Finishing Up the Emacs Video Player under Wayland?

(May 2, 2024)

This is the third part of a probably never-ending series of blog posts that started here and continued here. But! I think I’m getting pretty close to having everything working, so perhaps this is the final post? So I’ve got this Lenovo Yoga thing, and the point of it is that you can flip it … Continue reading Finishing Up the Emacs Video Player under Wayland?

Onscreen Keyboards and Emacs and Stuff

(May 1, 2024)

This is part two of a series of blog posts that I’m sure is going to go on forever: Wherein I Bitch About Wayland And Modern Life In General. So, last time, I finally bit the bullet and moved my travelling Yoga laptop to Wayland. This time around, I’m trying to get one more piece … Continue reading Onscreen Keyboards and Emacs and Stuff

The Simplest Thing In The World: Modifing Keymaps in Wayland

(April 28, 2024)

To remap the PrtSc key to the Hyper modifier key under Wayland with Gnome Shell on Ubuntu/Debian on the 28th of April 2024 (around noon) with a us keyboard mapping (I’m hedging my bets here), put the following in the ~/.config/xkb/symbol/us file: partial alphanumeric_keys modifier_keys xkb_symbols “hyper” { name[Group1]= “Hyper (US)”; include “us(basic)” key <PRSC> … Continue reading The Simplest Thing In The World: Modifing Keymaps in Wayland

RME Hammerfall Multiface II Firmware Files

(March 28, 2024)

This blog post might perhaps be useful to approx. four people over the next decade (but I’m probably exaggerating — more like two?), so if you don’t recognise all the words in the title here, you can skip this one. But if you’re googling and landed here: You’re welcome. OK, this is the deal: There’s … Continue reading RME Hammerfall Multiface II Firmware Files

Linux and Scanners and Stuff

(March 12, 2023)

Some years back, I had to scan a bunch of stuff for various projects. One of them was the Lanterne series thing — it’s totally frivolous, which is what makes it fun. But now I’ve managed to buy a whole bunch more books, so it was time to scan some more covers. (That’s the result … Continue reading Linux and Scanners and Stuff

Oddball Raspberry Pi Screen Resolutions

(March 13, 2021)

A couple years back I bought a Dasung Paperline HD to use as an alarm clock, and it’s worked perfectly. However, the little FitPC computer I was using died today. I was looking through the Cupboards of Mystery to see if I had anything here that I could replace it with, and I found a … Continue reading Oddball Raspberry Pi Screen Resolutions

Colon Files: rsync-tr

(April 24, 2019)

I was copying over some music to my phone (via jmtpfs and rsync), and I noticed that some of the files failed with “Input/output error”: After a while it dawned on me what all these files had in common was that there’s a colon in the file names. And presumably the MicroSD card in the … Continue reading Colon Files: rsync-tr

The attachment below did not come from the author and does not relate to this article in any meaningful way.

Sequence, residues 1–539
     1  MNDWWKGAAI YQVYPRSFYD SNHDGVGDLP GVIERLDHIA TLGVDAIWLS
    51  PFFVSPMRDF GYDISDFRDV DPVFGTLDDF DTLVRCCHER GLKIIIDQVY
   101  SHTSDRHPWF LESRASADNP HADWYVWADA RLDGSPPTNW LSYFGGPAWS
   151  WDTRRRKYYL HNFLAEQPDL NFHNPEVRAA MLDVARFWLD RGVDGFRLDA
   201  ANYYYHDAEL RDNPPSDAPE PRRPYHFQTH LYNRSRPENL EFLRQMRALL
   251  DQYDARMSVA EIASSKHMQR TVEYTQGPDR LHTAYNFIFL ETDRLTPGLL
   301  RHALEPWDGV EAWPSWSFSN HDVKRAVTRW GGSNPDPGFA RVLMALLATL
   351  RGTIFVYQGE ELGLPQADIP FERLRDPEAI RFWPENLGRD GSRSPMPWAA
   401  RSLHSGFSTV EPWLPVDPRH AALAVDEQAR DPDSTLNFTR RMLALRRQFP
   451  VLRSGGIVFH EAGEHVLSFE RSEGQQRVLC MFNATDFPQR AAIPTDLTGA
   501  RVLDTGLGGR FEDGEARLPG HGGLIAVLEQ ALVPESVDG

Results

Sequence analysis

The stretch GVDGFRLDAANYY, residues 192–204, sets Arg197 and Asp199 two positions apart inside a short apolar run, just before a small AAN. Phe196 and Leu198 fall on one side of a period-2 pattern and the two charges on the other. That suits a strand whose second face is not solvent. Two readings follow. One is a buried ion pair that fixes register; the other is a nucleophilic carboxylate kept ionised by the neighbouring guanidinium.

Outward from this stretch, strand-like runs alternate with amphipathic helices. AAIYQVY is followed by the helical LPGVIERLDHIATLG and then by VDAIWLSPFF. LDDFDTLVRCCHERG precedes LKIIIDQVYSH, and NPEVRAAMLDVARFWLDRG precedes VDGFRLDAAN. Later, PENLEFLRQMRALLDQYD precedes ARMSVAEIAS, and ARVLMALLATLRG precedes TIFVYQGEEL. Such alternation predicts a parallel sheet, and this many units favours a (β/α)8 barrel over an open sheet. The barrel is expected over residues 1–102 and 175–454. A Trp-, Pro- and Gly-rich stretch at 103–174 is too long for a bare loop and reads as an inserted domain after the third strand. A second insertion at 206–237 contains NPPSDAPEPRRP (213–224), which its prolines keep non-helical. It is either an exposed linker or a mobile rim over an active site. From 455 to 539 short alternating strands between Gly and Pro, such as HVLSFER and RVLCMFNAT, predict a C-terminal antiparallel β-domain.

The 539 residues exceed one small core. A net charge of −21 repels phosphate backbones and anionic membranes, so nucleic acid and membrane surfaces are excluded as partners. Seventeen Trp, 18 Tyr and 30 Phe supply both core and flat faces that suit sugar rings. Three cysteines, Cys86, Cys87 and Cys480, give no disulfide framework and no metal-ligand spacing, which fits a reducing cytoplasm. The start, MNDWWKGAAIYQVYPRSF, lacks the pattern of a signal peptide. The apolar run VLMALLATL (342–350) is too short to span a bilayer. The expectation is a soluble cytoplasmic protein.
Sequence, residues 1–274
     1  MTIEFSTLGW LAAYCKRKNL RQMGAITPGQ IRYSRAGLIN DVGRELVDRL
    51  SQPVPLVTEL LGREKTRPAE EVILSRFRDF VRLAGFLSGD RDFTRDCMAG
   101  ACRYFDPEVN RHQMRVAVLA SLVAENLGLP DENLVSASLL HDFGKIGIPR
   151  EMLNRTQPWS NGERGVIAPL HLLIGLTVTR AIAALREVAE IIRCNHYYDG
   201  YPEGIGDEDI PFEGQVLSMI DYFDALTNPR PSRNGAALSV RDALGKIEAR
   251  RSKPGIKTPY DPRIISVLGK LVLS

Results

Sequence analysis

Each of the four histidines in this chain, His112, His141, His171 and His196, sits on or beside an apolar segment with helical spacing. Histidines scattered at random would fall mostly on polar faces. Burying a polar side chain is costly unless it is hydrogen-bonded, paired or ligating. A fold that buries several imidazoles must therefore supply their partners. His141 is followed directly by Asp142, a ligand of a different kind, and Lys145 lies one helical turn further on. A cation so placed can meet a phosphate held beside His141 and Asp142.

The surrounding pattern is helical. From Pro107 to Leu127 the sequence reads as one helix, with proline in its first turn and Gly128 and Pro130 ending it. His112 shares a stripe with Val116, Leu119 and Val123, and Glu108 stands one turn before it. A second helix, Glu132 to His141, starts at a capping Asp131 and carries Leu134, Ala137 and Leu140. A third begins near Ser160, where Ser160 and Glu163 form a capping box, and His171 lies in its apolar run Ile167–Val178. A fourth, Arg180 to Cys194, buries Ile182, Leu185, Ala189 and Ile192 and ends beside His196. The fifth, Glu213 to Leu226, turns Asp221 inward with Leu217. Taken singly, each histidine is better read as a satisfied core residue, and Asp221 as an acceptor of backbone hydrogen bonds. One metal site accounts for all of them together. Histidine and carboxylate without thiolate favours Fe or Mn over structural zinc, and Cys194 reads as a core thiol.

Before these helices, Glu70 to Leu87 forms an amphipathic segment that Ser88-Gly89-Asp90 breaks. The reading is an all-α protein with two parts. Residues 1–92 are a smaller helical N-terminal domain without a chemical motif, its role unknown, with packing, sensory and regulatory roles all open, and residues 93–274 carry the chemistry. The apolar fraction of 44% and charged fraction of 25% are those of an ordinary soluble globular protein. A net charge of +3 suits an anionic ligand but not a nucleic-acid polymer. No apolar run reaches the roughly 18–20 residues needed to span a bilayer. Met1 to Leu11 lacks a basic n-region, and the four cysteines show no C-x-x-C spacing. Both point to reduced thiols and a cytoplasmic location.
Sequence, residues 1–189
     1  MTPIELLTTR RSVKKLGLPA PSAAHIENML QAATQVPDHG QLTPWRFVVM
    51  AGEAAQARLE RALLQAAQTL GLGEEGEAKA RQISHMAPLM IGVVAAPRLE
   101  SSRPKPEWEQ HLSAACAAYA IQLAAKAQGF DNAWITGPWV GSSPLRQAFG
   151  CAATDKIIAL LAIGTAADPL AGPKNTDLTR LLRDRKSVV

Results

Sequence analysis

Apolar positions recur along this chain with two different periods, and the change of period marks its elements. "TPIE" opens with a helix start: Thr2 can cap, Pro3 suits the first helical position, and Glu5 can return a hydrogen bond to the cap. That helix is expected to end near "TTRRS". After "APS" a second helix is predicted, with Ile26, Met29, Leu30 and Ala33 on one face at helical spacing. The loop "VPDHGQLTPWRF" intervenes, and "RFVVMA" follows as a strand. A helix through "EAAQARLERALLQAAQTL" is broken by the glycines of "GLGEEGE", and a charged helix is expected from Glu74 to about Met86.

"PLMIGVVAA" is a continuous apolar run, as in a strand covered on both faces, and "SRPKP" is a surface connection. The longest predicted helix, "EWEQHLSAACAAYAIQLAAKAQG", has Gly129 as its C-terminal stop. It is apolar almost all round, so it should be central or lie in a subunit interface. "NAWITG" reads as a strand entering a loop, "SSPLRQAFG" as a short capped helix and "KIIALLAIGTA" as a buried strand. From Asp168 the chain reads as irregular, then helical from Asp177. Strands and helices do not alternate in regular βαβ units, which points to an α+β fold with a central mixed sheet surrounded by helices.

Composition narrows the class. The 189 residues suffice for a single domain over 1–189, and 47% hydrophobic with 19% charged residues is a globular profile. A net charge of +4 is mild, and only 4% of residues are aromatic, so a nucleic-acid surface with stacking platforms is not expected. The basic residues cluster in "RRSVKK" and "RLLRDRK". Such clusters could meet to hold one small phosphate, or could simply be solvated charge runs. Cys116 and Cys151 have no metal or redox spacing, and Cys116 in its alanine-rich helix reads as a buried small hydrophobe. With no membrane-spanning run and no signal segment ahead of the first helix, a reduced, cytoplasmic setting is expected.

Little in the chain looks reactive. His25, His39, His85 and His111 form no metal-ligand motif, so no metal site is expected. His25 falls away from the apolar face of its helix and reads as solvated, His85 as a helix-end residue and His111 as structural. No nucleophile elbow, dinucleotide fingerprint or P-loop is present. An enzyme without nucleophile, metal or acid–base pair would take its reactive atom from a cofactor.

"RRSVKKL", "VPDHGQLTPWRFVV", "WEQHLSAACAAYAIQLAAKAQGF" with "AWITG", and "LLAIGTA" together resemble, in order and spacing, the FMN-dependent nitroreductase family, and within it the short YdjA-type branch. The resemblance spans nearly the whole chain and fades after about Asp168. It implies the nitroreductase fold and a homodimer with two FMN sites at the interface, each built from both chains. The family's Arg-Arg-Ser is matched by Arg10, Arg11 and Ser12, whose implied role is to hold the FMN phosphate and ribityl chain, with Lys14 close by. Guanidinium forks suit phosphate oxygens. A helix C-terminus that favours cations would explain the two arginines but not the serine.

(April 20, 2019)

Hidden tracks on CDs used to be a pretty common thing. Not “real” hidden tracks: You could play tricks with the directory structure and put a track before the first one, so you have to skip back from 1 to get to 0. No, the common way to do this is to pad the final … Continue reading unsilence

Fun with DPMS; or, An Emacs-Based Screensaver

(February 28, 2019)

I’ve got a bunch of monitors, large and small, that (in general) are always on. Because I’m too lazy to switch stuff off and or. They display some useful information, but are largely decorative (i.e, some of them display temperature data, and some use xscreensaver to show what albums are playing). But I’ve got the … Continue reading Fun with DPMS; or, An Emacs-Based Screensaver

For Flacs Sake

(December 16, 2018)

Yesterday, I bought this Black Cab EP off of Bandcamp, but when I played it today, all I got was silence. A new form of Extreme Australian Minimalism or a bug? My music interface is Emacs, and it uses flac123 to play FLAC files. It’s not a very er supported program, but I find it … Continue reading For Flacs Sake

Useful Consumer Review

(October 28, 2018)

I needed a new scanner, and I wanted one that was significantly faster than the one I’ve been using until now. After some Googling, I landed on the Epson DS-50000, which is an A3+ scanner with a promise of being able to scan an A3 300DPI page in four seconds. The web site I bought … Continue reading Useful Consumer Review

Innovations in Emacs Touch Interfacing

(August 7, 2018)

I’ve long attempted to hack some touch interfaces for laptops in non-keyboard configurations. The sad thing is that there aren’t really any good solutions in GNU/Linux. If you want to be able to respond to more complex events like “two finger drag”, you have to hack GTK and use Touchégg, and then it turns out … Continue reading Innovations in Emacs Touch Interfacing

mpv Is Nice

(April 20, 2018)

I’ve been watching movies and TV using an Emacs interface since 2004, according to the movie.el file.  Under the hood, though, I’ve hacked away at mplayer to make it do what I want, which includes a convenient way to switch audio outputs and output progress info so that I can store that to restart the … Continue reading mpv Is Nice

So Much 4K

(March 10, 2018)

I got a 4K TV a while back, but I haven’t had any 4K media. Until yesterday! A couple of months ago, the encryption on 4K Bluray media was partially broken. It’s not just rip’n’go as it is with DVDs and 2K Bluerays, but, basically, you can anyway. You just download this file that has … Continue reading So Much 4K